Serving Intention outperforms Creating Attention

From Doc Searls and the opportunity for VRM solution:

"In the long run, there’s going to be a lot more money in helping demand find supply than in helping supply find (or create) demand—simply because the efficiencies involved in helping money-in-hand find places to go exceed the guesswork that defines advertising at its core. That even goes for Google, which introduced the radical notion of accountability, but still involves mountains of wasted placements (by countless Linux servers pushing gazillions of tiny text ads into the margins of blogs and search results). I’m not saying that advertising ends, by the way, just that its fate is to become part of an informational ecosystem that supports the buying intentions of customers at least as well as it supports the selling intentions of vendors.

For a hint at what’s to come, [a November 2007 Forbes column by Peter Huber] says:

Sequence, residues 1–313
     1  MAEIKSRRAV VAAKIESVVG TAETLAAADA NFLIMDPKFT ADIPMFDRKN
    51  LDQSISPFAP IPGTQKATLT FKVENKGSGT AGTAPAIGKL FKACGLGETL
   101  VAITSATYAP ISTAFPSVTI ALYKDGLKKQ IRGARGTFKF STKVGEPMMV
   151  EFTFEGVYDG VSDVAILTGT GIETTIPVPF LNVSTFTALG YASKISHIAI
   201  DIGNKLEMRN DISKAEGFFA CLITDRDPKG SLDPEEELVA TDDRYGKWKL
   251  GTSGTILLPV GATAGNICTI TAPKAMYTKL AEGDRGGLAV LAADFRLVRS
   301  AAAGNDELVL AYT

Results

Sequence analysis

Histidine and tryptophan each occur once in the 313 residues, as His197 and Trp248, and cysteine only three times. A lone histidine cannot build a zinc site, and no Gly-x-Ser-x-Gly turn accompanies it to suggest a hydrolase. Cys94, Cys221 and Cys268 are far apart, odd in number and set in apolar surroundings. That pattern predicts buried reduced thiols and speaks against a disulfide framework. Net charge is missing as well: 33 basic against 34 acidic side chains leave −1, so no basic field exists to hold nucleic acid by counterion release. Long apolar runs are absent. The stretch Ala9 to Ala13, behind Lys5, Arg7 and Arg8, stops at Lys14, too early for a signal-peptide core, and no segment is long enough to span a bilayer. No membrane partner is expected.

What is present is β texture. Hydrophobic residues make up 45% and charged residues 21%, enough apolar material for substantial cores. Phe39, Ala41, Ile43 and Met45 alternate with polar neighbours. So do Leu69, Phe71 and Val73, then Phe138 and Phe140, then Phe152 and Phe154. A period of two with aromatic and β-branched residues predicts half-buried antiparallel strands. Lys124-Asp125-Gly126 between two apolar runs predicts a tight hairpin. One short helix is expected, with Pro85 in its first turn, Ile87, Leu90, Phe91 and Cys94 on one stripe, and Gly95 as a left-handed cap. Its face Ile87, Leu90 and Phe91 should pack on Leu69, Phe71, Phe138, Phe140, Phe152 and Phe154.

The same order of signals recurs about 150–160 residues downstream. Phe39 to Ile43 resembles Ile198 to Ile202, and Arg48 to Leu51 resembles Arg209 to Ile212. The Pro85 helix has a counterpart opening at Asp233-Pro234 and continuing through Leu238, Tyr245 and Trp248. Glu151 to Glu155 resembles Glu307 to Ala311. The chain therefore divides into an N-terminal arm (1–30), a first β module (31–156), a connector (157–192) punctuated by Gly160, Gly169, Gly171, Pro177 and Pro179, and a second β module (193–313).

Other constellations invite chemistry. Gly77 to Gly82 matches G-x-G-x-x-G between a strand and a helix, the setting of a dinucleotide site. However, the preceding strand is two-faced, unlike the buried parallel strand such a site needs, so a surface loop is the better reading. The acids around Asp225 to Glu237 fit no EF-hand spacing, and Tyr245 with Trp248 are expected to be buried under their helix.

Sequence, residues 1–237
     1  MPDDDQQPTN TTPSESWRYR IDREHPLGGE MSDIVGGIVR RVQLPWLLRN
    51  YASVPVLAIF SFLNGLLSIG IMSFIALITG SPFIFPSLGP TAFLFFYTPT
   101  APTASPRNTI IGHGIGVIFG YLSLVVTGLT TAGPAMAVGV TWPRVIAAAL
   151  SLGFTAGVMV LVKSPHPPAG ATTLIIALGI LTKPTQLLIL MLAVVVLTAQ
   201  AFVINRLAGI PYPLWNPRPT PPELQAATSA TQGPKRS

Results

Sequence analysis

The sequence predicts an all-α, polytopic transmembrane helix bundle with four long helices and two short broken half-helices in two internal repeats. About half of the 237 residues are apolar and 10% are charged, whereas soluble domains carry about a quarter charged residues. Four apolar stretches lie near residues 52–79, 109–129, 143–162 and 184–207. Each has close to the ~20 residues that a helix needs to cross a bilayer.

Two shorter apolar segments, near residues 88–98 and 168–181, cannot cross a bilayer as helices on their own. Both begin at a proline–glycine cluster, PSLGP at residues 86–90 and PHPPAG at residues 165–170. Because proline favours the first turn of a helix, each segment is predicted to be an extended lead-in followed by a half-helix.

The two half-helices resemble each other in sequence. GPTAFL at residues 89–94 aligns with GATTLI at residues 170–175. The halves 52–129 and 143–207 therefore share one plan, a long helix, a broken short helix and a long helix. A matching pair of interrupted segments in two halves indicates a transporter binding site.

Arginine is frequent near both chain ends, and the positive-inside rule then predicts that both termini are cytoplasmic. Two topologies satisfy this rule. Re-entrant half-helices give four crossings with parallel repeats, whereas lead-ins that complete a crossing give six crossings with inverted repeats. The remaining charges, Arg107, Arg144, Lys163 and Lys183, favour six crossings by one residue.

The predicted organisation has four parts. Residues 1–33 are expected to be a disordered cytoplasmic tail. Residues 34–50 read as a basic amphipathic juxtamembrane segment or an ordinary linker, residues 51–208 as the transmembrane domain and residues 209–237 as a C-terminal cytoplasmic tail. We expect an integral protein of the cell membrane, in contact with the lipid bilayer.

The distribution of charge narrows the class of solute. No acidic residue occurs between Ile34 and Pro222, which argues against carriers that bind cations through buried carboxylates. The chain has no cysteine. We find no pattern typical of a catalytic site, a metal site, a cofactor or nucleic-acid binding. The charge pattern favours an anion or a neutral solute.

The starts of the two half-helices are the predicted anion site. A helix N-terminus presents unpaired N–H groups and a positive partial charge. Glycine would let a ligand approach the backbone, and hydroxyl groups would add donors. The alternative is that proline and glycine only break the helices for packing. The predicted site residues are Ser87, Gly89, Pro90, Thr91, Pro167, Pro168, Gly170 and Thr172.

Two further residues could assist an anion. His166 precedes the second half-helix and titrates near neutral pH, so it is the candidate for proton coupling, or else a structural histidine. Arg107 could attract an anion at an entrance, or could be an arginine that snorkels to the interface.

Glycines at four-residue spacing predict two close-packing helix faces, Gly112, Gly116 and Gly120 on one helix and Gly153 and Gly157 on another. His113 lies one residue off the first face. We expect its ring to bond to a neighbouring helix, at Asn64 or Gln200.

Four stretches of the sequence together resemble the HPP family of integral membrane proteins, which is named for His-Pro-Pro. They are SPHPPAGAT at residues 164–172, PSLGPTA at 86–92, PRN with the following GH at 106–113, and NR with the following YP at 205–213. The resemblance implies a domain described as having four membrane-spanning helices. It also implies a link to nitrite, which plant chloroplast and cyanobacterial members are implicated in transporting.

…sneak into your teenager’s bedroom. Ignore the dusty Dell, Mac and even the iPhone—marvel instead at Microsoft’s Xbox, Sony’s PlayStation or Nintendo’s Wii. For a preview of what you’ll be doing on such a machine, don’t waste time trying to type a letter—where’s the keyboard, anyway?—or run a spreadsheet, or Google a search, or crawl through eBay or Amazon. Go [play] Halo 3.

What matters isn’t that these are games. It’s that they’re live. They involve data-thick interaction in real time.

I’ve maintained for some time that the most important step forward in the Net’s recent history is not the generational progression from 1.0 to 2.0, but the branching of the Live Web off the Static Web. The big challenge is building out the Live Web, and it’s not one we should leave up to the Big Boys, even as we run it over their glass.

That’s because the critical enabling feature of the Live Web won’t be technical. It will be the moral and political feature we call freedom. That’s not something the Big Boys are going to give us. It’s something that comes from ourselves."

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